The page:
Hello again! If you've been with us a bit, nice to see you again, and if you've just tuned in welcome! It's Season Two 1, of this weekly newsletter, chronicling my learnings around data, computers, people, life, and of course, learning.
My main goal is to introduce a bit of structure. The core loop is going to look something like this:
This accomplishes a couple different things. I had two big takeaways from last season. One, I want to get better at writing, and two I want to deeply explore ideas. The single topic for four weeks helps with the latter, and the slowly evolving essay helps with the former.
As a side effect, I'm hoping this constraint forces me to evolve my notetaking and information management. If I can't just use this newsletter as an outlet for whatever I'm thinking about (as it might not fit the topic), I'll have to put those thoughts somewhere.
As you know if you've read last season, this is all very much an experiment. I reserve the right to drift, twist, mangle, or break free free from this structure if it seems like it isn't working. But I'm optimistic, and it sounds like a lot of fun! Alright, on to it.
So what's the first theme? It's right up there in the title! I'm going to be writing about games. Specifically games and learning.
I'm frustrated and fascinated by the intersection of these two fields. When I play the games I love I'm obviously learning. I can viscerally feel myself get better at doging arrows in Spelunky 2, or slowly piecing together the knowledge hiding in Outer Wilds, or absorbing the language of puzzles in The Witness.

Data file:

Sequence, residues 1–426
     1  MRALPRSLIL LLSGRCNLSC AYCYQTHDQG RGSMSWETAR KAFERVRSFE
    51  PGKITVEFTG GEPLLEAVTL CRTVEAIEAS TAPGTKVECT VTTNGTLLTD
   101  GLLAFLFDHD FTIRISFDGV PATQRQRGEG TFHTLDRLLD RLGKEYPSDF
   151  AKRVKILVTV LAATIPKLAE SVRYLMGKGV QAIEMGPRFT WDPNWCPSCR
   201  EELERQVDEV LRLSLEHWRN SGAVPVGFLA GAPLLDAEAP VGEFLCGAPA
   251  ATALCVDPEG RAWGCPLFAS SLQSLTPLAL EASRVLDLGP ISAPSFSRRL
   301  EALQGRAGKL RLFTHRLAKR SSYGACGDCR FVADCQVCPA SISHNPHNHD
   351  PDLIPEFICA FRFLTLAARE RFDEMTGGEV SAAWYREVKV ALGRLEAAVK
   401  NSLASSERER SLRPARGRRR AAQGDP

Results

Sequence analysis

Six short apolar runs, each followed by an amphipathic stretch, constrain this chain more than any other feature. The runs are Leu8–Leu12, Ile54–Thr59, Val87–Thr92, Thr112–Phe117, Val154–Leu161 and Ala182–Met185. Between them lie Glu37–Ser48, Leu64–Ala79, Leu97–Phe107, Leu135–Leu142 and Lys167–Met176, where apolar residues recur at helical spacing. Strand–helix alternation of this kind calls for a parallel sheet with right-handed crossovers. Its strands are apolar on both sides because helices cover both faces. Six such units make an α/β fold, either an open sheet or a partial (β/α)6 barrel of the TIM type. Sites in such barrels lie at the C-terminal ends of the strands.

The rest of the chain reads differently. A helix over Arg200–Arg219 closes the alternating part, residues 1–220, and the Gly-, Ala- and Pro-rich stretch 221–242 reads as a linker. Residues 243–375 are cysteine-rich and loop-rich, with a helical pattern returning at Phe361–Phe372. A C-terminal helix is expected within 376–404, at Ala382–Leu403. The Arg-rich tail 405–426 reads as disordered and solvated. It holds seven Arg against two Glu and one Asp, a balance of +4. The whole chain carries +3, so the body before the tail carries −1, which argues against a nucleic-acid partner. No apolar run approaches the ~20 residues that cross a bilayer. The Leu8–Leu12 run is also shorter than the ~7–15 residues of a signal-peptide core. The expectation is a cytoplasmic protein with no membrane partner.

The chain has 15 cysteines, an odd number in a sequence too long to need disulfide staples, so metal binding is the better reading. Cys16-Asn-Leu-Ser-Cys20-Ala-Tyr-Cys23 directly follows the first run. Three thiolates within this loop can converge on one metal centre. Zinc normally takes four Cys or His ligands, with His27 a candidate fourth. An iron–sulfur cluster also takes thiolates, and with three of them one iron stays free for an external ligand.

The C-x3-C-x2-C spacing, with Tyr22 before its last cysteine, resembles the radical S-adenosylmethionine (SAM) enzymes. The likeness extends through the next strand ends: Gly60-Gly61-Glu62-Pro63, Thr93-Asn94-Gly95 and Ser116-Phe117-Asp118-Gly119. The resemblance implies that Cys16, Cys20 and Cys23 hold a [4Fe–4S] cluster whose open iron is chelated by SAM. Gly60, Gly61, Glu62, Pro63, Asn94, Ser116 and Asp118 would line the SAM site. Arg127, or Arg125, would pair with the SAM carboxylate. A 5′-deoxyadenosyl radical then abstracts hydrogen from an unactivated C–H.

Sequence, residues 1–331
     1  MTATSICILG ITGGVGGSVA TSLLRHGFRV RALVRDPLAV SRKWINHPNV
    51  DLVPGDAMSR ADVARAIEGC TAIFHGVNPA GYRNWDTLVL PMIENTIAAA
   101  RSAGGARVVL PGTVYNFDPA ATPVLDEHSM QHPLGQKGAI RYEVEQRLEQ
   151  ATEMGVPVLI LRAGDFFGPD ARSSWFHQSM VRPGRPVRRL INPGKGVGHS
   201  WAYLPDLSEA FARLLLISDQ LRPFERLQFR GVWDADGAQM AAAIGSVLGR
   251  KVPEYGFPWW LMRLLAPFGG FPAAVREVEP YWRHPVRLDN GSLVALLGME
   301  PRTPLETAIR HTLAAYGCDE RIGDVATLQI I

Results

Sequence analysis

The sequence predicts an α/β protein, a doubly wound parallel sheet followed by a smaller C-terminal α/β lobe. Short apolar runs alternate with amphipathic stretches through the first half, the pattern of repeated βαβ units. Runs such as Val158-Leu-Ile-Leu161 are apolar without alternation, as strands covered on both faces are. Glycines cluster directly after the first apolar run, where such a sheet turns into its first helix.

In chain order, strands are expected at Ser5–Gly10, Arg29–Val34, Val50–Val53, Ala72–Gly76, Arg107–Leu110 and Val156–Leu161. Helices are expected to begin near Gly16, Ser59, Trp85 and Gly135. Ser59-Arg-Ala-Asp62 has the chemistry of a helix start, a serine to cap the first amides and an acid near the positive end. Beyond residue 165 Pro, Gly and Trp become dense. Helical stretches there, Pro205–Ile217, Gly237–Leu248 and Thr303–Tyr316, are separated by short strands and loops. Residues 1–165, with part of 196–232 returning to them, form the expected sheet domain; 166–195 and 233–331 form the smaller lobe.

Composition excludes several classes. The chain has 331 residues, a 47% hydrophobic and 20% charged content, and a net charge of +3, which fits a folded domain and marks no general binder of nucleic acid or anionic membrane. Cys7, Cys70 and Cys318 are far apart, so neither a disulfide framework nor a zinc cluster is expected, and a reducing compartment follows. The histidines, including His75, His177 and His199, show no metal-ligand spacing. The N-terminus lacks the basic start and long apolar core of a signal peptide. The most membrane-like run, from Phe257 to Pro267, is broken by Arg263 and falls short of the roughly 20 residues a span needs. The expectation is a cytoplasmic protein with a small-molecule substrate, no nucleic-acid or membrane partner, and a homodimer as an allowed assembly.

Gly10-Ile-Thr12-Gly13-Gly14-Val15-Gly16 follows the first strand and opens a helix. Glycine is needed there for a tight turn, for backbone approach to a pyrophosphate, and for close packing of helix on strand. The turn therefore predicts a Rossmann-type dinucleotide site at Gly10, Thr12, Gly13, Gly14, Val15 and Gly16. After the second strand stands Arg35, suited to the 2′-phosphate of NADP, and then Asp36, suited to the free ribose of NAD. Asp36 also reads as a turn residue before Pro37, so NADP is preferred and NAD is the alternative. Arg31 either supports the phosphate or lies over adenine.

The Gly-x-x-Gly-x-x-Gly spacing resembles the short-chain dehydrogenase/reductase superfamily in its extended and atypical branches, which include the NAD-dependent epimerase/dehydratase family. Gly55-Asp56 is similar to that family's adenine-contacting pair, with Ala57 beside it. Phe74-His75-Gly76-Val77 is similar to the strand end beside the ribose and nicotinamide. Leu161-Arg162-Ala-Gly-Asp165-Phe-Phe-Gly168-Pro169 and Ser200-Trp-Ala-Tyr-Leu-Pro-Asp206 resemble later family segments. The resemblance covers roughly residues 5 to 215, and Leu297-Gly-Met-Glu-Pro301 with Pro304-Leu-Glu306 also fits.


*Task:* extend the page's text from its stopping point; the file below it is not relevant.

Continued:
These games give rich, immediate feedback, tuned towards a very specific goal that many people spent years designing. The plain feeling of being in conversation with them, is absolutely incredible.
At the same time, it's pretty clear that games created primarily for learning purposes never quite meet the mark. They often feel a little bolted together, and have a little bit of the "spoonful-of-sugar" vibe that many early "edutainment" games did.
There are of course some counter examples. Many Zachtronics games, though framed as puzzles, require learning concepts that are extremely close to other widely used domains of knowledge, like programming and electrical engineering.
But, even those are designed primarily as games, whatever that means. So I worry that this kind of inquiry, looking at learning and games in the abstract, is a little cursed.
I hope to avoid this by going granular. Instead of asking how we can create games for learning, we ask how we can use game design to learn. And how we can use learning design to make better games.
Well, this is a first issue so I'm starting off slow, that's all I got for you today!
Here's those prompts for an essay I promised you. Let me know if you think of anything else, or want to dive into something in particular! See you next week.subscribe for updates